To illustrate, suppose that Jill promised to meet a student, Jack, to review his grade on the last test, but then a once-in-a-lifetime opportunity arises for Jill, and, unfortunately, she must break her promise to Jack in order to take advantage of this opportunity. Assume that the personal benefit for Jane in taking advantage of this opportunity is great enough to give her decisive reason to do so despite the moral reason she has to keep her promise. Now, suppose that Jane, being fully rational and fully informed, recognizes that she has decisive reason to take advantage of this opportunity and as a result chooses to do so, thereby breaking her promise to meet with Jack. What, then, should we say about this case? Possibility A: What she did was all-things-considered wrong, as we all have a prima facie obligation to keep our promises and the fact that she would personally benefit a great deal by breaking her promise is no justification for her doing so. Furthermore, since her act was wrong and since she meets all the conditions for being morally responsible for what she did, she should feel guilt and we should blame her for what she did. Possibility B: Given that she had sufficient (indeed, decisive) reason to break her promise, she was justified in doing so. And thus what she did was not wrong (given MR). Furthermore, she should not feel guilt (and we should not blame her), for it makes sense for her to feel guilt (and for us to blame her) only if she judges (and we judge) that she should regret having done what she did. And although it is certainly appropriate for her to regret having inconvenienced Jack and to regret having to break her promise, she should no more regret having done so than she should have had she been morally obligated to do so, as where, for instance, she had a more stringent moral obligation to take her daughter to the ER instead of keeping her appointment with Jack. Moreover, others should admit that were they in her shoes and fully rational, they too would have broken the promise to Jack. And if others should admit this, then they should not blame her for doing so. In any case, holding her accountable for breaking the promise on the grounds that she was capable of appropriately responding to the relevant reasons and then blaming her for appropriately responding to the reasons by doing what she had decisive reason to do seems entirely unfair and inappropriate.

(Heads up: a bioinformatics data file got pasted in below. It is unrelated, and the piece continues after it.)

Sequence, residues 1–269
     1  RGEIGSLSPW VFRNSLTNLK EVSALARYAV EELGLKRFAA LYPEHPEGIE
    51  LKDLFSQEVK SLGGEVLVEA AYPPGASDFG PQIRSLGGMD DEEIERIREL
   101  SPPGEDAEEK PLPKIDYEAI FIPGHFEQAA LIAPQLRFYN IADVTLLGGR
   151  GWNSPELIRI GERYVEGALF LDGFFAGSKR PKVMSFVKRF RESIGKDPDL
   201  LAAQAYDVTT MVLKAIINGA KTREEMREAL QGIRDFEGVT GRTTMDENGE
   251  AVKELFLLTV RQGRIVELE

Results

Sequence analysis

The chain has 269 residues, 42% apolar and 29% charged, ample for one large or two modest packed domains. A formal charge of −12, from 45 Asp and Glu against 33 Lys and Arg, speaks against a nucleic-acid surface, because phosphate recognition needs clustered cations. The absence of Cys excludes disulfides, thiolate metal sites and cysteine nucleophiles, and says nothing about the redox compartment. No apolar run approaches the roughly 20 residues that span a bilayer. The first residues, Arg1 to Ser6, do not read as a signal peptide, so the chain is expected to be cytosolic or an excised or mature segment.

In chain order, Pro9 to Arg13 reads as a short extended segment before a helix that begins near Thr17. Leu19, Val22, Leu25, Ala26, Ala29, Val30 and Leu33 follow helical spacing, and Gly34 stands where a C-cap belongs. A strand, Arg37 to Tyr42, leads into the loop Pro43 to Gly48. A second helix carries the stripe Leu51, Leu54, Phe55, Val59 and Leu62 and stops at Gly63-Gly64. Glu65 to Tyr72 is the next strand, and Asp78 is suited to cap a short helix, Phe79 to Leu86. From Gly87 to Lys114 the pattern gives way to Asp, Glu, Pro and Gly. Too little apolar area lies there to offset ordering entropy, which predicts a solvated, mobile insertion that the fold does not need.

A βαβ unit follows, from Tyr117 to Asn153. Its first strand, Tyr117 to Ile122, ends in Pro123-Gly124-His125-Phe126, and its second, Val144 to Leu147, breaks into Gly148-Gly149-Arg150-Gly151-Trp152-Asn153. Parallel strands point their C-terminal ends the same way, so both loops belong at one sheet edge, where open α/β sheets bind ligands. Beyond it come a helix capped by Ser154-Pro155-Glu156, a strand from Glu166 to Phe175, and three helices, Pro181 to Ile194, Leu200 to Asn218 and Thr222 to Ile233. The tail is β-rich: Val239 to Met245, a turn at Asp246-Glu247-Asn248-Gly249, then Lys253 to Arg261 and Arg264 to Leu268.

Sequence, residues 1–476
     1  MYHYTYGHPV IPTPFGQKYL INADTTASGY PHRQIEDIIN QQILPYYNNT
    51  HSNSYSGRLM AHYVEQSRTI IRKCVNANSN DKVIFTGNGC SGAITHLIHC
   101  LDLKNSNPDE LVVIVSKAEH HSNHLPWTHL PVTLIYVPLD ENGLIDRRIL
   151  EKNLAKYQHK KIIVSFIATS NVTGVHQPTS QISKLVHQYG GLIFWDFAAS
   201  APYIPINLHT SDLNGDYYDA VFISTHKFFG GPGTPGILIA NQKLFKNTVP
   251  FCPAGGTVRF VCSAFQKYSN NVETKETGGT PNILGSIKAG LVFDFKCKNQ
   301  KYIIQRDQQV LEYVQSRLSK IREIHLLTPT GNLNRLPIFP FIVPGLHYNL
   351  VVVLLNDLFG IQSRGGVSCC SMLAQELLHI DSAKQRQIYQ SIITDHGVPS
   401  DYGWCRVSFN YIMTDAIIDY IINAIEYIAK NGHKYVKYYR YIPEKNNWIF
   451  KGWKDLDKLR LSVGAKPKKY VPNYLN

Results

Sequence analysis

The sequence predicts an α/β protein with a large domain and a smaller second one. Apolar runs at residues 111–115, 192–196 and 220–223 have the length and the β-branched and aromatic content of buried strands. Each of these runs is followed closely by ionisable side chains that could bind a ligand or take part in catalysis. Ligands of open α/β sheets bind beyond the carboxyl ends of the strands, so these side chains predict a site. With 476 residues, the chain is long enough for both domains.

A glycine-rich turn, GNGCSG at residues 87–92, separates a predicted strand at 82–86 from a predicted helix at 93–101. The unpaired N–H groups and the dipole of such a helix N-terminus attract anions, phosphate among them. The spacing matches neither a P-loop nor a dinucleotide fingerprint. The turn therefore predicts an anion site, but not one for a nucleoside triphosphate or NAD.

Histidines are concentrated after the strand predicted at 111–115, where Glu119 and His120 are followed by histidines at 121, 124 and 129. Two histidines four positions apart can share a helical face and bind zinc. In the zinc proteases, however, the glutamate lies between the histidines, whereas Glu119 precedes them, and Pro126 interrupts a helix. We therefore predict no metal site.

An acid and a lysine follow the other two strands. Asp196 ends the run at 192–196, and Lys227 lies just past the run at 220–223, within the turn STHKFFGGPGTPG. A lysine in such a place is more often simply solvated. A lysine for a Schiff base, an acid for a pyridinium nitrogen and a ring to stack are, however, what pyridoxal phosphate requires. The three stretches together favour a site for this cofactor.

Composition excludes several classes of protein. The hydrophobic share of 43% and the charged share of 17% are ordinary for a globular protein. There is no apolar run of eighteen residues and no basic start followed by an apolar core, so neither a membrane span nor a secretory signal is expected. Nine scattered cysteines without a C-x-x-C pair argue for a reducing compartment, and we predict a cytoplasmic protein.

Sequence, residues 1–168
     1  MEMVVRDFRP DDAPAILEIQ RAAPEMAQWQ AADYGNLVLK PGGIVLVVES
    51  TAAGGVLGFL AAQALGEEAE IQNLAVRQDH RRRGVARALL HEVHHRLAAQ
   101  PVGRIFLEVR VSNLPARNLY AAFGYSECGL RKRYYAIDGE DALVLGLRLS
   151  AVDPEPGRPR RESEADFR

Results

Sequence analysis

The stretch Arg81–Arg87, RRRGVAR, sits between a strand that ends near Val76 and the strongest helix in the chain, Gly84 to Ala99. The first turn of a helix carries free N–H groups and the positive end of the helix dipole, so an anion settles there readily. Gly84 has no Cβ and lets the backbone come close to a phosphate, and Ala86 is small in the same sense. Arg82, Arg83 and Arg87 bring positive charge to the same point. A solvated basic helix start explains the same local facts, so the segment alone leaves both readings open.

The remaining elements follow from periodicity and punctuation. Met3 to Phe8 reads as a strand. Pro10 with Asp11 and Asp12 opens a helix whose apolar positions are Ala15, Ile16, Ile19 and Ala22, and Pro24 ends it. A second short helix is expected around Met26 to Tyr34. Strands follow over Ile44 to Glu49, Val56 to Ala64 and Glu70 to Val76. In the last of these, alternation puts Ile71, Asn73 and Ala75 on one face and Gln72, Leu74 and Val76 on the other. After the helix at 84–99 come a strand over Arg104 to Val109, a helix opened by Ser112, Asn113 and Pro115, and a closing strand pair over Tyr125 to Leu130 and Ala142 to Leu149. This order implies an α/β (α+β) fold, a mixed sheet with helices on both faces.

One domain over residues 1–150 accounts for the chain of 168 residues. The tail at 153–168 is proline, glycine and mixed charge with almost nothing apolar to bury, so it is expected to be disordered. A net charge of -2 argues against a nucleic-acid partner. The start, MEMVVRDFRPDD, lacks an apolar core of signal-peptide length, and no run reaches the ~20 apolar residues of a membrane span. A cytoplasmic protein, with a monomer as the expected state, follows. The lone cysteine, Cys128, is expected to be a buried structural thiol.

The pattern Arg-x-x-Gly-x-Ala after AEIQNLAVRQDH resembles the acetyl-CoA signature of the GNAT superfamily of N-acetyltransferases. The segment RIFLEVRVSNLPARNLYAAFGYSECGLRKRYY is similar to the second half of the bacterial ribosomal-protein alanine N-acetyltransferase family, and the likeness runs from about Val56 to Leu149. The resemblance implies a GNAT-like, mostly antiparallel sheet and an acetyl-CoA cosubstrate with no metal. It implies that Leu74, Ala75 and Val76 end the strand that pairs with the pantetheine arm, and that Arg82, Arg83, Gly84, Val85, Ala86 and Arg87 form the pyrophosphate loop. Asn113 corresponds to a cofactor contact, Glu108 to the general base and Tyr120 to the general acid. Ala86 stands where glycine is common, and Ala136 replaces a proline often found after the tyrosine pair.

It seems to me that Possibility B makes a lot more sense. Given the above sorts of considerations, I think we should accept (2) and, consequently, the soundness of the above argument.